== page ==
The book reviews of UK children's author, Brian Keaney
Set in the late eighteenth and early nineteenth centuries, most of the action of The Thousand Autumns Of Jacob De Zoet takes place on Dejima, an artificial island in the bay of Nagasaki off the coast of Japan. The central character, Jacob, is a conscientious clerk working for the Dutch East India Company and the plot revolves around his love for a disfigured Japanese midwife who is kidnapped and closeted in a highly secretive order of nuns when her father dies leaving overwhelming debts.
Mitchell can turn a nice phrase when he wants to –"the rain's innumerable hooves clatter on the streets and roofs", for example, or "under the eaves pigeons coo like grandmothers greeting new-born babies", but his real skill lies in the complexity of his design and the grand architecture of his vision. This is a work of such scale that it is as though one was reading a nineteenth century novel that had somehow been written with a contemporary sensibility.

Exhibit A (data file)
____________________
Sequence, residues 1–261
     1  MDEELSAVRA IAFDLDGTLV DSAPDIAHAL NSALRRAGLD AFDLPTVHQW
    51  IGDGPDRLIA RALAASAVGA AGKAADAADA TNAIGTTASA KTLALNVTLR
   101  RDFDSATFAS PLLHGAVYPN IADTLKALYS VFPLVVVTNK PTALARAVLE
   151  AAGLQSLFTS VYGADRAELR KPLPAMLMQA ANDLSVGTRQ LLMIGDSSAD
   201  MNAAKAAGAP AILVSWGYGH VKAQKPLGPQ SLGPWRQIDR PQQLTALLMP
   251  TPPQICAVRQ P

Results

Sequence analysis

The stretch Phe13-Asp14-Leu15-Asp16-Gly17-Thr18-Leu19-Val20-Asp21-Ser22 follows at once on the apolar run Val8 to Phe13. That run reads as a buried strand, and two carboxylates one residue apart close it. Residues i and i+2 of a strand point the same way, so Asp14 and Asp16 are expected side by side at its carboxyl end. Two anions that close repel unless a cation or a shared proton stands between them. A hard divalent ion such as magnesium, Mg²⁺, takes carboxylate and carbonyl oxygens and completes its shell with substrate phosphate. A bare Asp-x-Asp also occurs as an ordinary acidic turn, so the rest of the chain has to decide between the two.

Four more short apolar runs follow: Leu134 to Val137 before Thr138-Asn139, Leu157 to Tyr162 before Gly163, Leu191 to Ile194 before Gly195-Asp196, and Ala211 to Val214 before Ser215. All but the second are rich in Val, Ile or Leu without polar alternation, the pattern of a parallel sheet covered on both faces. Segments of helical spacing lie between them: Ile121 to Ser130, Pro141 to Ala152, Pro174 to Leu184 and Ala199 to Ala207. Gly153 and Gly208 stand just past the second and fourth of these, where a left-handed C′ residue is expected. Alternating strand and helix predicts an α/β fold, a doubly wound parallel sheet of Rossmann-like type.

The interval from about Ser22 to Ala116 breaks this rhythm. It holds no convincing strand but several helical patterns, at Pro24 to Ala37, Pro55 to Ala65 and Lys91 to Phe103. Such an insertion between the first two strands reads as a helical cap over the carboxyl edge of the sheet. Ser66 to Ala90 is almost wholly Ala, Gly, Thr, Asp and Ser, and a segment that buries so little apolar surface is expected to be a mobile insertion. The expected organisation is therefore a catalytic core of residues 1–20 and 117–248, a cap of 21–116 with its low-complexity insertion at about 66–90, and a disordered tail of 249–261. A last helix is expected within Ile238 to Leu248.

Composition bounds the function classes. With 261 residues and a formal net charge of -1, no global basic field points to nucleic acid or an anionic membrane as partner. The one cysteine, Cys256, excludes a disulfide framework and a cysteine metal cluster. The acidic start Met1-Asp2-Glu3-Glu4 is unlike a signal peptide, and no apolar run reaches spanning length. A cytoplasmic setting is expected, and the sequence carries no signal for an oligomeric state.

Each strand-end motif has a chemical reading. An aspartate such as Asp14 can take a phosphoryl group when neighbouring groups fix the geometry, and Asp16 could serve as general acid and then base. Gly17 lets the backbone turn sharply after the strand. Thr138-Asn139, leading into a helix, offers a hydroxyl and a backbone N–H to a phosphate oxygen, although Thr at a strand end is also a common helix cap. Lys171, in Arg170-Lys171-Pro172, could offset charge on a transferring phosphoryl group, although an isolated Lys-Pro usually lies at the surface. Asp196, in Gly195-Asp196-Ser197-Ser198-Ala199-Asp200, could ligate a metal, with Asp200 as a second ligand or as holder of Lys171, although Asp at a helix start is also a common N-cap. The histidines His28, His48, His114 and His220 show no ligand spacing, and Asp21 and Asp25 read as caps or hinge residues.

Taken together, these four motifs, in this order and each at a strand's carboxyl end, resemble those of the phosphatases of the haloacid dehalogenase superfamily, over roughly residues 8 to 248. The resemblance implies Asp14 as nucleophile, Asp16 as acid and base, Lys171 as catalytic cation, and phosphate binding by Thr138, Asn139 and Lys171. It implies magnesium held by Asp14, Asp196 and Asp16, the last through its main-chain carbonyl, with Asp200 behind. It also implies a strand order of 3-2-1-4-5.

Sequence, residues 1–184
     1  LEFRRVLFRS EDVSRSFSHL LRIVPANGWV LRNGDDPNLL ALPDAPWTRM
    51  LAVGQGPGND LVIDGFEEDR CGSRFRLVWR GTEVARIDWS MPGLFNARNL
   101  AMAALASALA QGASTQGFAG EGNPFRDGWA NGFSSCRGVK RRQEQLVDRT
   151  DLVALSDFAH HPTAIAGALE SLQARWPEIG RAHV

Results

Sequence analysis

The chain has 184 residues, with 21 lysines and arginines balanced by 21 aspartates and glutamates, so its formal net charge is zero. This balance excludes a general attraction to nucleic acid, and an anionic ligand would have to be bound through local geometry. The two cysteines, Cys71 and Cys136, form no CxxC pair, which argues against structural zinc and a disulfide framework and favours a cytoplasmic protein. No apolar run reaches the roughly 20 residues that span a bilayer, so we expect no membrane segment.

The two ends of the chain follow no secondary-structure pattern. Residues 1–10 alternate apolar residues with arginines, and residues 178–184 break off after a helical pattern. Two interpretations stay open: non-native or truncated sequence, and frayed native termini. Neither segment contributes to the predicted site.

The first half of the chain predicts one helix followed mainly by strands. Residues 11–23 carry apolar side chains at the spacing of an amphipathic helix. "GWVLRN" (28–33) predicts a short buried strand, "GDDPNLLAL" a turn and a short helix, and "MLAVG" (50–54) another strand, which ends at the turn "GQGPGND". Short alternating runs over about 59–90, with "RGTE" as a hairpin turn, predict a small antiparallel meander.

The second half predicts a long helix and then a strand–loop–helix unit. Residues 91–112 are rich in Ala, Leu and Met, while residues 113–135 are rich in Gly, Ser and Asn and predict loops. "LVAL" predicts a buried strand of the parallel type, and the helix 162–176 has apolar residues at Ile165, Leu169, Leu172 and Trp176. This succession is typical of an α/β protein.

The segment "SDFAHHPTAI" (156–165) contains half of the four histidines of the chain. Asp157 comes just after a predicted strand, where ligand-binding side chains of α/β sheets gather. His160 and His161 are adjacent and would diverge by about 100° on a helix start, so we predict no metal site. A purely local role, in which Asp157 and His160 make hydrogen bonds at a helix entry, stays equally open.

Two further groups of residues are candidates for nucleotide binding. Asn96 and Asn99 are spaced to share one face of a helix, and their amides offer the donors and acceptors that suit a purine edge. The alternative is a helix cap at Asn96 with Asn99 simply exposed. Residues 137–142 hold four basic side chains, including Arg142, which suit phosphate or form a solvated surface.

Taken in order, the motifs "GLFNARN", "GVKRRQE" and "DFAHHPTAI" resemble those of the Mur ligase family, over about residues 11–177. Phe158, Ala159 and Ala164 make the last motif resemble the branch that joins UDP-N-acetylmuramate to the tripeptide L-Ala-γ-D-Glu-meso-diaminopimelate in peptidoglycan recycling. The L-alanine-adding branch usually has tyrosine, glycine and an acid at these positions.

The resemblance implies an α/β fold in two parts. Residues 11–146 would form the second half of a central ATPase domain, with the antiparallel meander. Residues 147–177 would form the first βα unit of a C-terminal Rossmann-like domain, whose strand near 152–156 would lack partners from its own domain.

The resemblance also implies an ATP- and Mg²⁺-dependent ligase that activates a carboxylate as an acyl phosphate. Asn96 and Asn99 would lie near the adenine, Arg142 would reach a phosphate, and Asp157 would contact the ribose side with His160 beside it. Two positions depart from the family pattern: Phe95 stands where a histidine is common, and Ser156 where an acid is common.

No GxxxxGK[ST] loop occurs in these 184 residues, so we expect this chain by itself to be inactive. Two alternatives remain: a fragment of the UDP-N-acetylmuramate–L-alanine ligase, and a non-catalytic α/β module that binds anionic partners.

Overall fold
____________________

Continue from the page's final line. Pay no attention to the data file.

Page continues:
There are certainly difficulties, perhaps one might say faults, in the writing. In particular, there are far too many characters. At a guess, I would say there may be a hundred and fifty and many of them are not particularly well-developed. Nevertheless, the ambition of the narrative and Mitchell's achievement in carrying it off are astonishing.
The richness, the detail and the sheer vividness of the picture that is summoned up, the way that the contrasting worlds of Japanese society, deliberately closed to the outside world, and Europe feverish with enlightenment and expansionism, are neatly and expertly dissected and their insides shown to be teeming with characters, incidents and episodes each of which contributes to the grand design like pebbles in a landslide - all of this simply takes my breath away. I cannot think of any other living writer who could come near to approaching such a feat.